The Scaffold, the group that included Paul McCartney’s brother, Peter, and Roger McGough, who would become one of England’s leading poets, recorded Lily the Pink, a comedy song which would reach Number One in the charts at Christmas 1968. It captured the imagination of an eight year old listening to the radio at that distant Christmas time and almost five decades later it seems one of the most sensible songs ever written. The refrain goes:
We’ll drink a drink, a drink ,
To Lily the Pink, the Pink, the Pink
The saviour of the human race
For she invented, medicinal compound
Most efficacious in every case.
Whilst the Nineteenth Century patent medicine, Lydia Pinkham’s Vegetable Compound, the inspiration for Lily the Pink, might have been efficacious for some complaints, the 1968 parody is a mocking of the charlatanism behind most of the patent remedies. Newspaper advertisements claimed wondrous properties for “medicines” that might be listed as appropriate for almost every imaginable human ailment. Sellers of such medicines became known as snake-oil salesmen, quack doctors. Cher’s song Gypsies, Tramps and Thieves includes the lines,
Papa would do whatever he could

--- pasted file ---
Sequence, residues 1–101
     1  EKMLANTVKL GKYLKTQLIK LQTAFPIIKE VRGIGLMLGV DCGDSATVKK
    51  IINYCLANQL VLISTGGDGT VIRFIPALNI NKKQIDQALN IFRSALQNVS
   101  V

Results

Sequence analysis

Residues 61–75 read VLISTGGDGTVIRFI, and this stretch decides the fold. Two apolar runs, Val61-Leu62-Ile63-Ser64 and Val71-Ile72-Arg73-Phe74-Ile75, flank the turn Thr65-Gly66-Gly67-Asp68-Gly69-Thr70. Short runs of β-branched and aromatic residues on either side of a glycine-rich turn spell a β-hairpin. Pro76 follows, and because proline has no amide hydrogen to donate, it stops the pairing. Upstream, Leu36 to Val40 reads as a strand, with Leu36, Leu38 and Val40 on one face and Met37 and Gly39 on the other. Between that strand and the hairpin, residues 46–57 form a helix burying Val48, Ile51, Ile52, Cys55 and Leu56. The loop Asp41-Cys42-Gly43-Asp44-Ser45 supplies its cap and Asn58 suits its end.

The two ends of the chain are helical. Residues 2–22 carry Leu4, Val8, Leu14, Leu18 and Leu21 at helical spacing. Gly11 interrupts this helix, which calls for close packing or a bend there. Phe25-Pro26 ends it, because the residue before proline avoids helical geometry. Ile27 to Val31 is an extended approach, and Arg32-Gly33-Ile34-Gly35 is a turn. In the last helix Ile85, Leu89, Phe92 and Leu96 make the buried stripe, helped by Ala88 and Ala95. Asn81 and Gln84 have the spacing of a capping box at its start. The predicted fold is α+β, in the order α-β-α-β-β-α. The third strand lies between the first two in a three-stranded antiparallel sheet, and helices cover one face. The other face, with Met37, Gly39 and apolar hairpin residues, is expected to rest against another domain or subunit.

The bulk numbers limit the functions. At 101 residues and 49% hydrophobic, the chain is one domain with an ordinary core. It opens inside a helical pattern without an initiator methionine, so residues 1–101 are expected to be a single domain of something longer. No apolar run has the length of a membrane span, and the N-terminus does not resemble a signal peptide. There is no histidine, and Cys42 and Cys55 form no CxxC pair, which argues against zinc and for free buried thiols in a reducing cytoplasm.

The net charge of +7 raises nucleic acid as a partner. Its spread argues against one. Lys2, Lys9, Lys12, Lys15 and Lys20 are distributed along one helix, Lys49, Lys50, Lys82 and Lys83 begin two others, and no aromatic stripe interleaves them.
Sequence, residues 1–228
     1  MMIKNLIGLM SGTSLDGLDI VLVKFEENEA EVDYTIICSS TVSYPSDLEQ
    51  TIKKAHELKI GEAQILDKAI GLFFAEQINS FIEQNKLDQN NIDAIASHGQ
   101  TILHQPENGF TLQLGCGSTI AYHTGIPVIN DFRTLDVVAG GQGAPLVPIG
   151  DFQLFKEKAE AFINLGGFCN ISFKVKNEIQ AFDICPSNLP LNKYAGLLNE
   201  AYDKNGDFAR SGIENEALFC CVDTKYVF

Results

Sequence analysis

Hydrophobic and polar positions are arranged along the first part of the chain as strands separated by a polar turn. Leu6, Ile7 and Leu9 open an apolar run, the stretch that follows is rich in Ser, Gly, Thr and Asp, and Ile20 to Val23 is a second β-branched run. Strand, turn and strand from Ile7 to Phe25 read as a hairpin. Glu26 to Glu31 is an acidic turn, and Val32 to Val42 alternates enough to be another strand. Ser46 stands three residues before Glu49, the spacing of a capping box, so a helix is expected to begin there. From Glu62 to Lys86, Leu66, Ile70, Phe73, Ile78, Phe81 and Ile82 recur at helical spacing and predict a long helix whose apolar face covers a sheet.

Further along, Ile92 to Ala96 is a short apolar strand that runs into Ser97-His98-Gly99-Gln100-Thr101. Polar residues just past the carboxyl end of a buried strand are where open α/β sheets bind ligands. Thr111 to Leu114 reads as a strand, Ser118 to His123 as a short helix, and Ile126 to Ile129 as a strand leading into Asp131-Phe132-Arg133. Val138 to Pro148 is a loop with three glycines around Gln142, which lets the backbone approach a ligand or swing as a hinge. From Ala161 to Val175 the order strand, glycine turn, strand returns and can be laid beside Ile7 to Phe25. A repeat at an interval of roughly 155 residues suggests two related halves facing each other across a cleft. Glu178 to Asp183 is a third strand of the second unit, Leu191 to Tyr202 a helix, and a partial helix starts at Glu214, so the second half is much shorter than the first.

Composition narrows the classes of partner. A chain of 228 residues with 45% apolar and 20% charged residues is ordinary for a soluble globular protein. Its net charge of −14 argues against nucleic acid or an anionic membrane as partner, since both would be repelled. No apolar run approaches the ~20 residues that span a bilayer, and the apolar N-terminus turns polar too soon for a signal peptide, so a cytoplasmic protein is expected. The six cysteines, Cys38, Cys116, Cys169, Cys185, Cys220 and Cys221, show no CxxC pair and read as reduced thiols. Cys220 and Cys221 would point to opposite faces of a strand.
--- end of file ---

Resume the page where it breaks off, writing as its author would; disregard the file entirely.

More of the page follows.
preach a little gospel, sell a couple bottles of Doctor Good.
Reading the advertisements now, it is amusing, and, sometimes, confusing that people might have been so credulous. It was not just in the popular press that the advertisements appeared. Inside the front cover of the 1913 edition of Bradshaw’s Continental Railway Guide, not a book that would have circulated widely among the masses, there is an advertisement for Eno’s Fruit Salt.
To travellers and all leaving home for a change, take a supply of Eno’s with you.
Eno’s ‘Fruit Salt’ prevents any over-acid state of the blood, and should be kept in every bedroom in readiness for any emergency. It is Pleasant, Cooling, Health-giving, Refreshing, and invigorating. You cannot overstate its great value in keeping the blood PURE AND FREE FROM DISEASE.
It is, in fact, Nature’s Remedy, and Unsurpassed.
Any emergency? Keeping the blood pure and free from disease? Could educated, cultured and intelligent people have believed that “Fruit Salt” could heal septicaemia, toxaemia or leukaemia? We might laugh now at the credulity of those whose bathroom cabinets would have been stocked with such cures, but what of the snake-oil and quackery of our own times?
The faith-healers, the bone-setters, those with the cure; the alternative therapists, the practitioners who charge no fee but leave a “donation” box at the door; the people who still sell bottles of “Doctor Good” or whatever the 21st Century equivalent of “Fruit Salt” may be: each of them worthy of a Nineteen Century advertisement. The quacks are alive and well and no longer needing to sell from the back of a wagon. In fifty years’ time a new Roger McGough will be able to pen a new version of Lily the Pink.